New ATM warning: Watch out for pinhole cameras

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New ATM warning: Watch out for pinhole cameras
Image Credit: Dreamstime
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Thieves are getting more and more ingenious in their schemes to steal your money at automatic teller machines. If you go to an ATM, there are some obvious ways you can tell that it’s been tampered with – but it’s getting more difficult.

In London, an off-duty police officer was somehow able to spot a tiny hole in an ATM where a hidden camera was positioned so that it could record people inputting their PINs, according to the Daily Mail.

Can you spot the hidden cam on this ATM? Here’s how to protect yourself

Pin-point holes are just the latest tactic scammers are using to separate unwitting customers from their money.

RELATED: How to prevent credit card fraud from happening to you

PC Matt Clarke, from the City of London Police Crime Squad, shares this advice with consumers: “If you spot anything unusual about a cash machine, or if there are signs of tampering, don’t use it. If in doubt, try and use a machine inside a branch,” he told the Daily Mail.

The newspaper has uncovered other ways that criminals can prey on unsuspecting people. In one December video, it showed how crooks devised a card skimmer to fit on the card entry point on a London ATM.

With all the ways bad guys are trying to take advantage of us, what can we do? Here are four things you can make a habit of to stay protected from criminals:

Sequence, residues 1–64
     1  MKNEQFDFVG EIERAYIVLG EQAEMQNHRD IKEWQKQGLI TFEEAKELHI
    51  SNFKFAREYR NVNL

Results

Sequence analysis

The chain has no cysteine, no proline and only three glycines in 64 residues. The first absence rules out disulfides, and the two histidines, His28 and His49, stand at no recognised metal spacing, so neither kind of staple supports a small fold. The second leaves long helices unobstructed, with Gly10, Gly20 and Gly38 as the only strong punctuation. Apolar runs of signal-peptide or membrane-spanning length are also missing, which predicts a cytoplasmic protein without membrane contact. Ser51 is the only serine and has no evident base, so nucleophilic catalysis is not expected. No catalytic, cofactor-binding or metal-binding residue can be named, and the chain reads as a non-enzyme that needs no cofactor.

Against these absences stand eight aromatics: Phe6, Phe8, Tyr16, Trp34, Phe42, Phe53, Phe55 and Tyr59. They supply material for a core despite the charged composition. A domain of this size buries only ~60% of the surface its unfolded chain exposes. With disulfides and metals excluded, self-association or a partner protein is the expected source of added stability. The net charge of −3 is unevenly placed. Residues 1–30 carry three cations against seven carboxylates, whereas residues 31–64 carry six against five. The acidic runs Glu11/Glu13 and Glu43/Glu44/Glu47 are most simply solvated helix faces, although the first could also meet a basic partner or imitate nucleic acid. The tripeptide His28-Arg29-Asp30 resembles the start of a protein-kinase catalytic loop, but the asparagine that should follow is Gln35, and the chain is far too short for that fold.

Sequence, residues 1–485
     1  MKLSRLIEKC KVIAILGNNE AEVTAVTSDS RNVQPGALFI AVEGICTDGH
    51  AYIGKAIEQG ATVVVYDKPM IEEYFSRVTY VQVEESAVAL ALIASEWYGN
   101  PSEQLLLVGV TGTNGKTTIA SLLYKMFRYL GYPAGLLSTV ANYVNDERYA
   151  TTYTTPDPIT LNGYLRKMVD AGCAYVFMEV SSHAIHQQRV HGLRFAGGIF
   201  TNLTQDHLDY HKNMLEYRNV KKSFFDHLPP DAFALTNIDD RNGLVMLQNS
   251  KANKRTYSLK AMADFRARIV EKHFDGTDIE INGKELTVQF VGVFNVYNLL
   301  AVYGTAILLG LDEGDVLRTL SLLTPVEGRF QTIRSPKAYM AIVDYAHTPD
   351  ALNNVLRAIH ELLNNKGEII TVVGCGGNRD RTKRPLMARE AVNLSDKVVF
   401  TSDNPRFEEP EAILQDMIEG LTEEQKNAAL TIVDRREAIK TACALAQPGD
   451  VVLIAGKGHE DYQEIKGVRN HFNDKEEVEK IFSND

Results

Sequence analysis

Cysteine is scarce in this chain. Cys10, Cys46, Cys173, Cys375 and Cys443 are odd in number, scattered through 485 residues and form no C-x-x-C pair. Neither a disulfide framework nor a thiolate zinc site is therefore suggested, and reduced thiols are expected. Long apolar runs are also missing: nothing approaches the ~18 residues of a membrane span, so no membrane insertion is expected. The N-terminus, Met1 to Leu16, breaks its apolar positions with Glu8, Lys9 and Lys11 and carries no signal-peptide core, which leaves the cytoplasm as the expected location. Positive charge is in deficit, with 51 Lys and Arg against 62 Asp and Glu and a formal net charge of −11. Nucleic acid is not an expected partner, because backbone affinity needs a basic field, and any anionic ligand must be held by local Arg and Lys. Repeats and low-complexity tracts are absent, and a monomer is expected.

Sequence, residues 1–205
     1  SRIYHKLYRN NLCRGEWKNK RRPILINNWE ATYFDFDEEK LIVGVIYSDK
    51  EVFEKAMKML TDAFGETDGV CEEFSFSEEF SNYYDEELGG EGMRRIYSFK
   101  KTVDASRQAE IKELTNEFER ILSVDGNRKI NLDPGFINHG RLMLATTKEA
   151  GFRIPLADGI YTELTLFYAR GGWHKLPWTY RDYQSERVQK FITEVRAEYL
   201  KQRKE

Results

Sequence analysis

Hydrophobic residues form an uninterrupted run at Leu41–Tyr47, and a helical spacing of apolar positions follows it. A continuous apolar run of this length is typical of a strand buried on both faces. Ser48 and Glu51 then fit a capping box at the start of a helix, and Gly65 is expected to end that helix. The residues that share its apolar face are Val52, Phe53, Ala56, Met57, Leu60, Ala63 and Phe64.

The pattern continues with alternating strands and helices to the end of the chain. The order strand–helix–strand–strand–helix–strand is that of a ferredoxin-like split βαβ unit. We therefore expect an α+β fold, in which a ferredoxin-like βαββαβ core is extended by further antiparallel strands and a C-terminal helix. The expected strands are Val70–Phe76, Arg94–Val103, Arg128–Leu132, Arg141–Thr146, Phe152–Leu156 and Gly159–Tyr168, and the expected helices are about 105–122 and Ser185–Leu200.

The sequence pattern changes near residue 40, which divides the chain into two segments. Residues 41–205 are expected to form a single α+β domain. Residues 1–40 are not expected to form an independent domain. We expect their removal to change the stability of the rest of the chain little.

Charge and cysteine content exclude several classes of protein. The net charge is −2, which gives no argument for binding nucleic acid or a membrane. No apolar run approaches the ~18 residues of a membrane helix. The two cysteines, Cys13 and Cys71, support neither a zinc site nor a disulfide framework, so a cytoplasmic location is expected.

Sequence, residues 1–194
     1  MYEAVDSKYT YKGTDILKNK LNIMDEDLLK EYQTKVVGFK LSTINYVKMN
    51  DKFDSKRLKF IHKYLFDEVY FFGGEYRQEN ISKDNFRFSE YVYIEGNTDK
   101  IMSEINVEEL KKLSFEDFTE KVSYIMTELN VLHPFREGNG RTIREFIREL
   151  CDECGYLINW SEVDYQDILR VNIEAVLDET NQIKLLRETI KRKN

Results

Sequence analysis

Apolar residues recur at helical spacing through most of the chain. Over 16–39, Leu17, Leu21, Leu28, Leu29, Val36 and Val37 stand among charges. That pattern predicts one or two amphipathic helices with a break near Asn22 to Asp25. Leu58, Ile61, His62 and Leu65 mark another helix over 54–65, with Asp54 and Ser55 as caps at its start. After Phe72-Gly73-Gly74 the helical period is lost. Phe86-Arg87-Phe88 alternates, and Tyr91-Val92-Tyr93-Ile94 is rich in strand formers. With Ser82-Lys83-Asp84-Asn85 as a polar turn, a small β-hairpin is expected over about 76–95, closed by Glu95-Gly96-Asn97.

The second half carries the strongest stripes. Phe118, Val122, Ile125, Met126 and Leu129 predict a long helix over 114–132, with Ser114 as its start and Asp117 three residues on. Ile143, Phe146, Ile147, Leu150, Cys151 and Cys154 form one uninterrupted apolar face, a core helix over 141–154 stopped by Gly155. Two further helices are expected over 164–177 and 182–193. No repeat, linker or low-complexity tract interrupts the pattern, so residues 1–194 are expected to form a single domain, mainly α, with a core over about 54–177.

• Avoid giving your credit card to sketchy establishments or vendors whose reputations you don’t know. This goes for online transactions as well.
  • Money expert Clark Howard says be leery of sharing personal details on social media. “This is such a prominent scam right now, with people gathering information that you have posted willingly on social media,” he says.
  • Sign up for a Credit Karma or Credit Sesame account to get free credit monitoring and be notified when anyone tries to access your personal info. Here’s a step-by-step rundown of how to do it.
  • If you have any reason to think that your personal detail may be compromised (and this is most of us at this point, thanks to Equifax), freeze your credit. Here’s our Credit Freeze Guide.

RELATED: How a credit card theft turned into a teachable moment

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Craig Johnson is a conscious money-saver who stills read paperback books and listens to vinyl. He likes to write about how technology is making things easier and more affordable — but also sometimes more dangerous — for the modern consumer.
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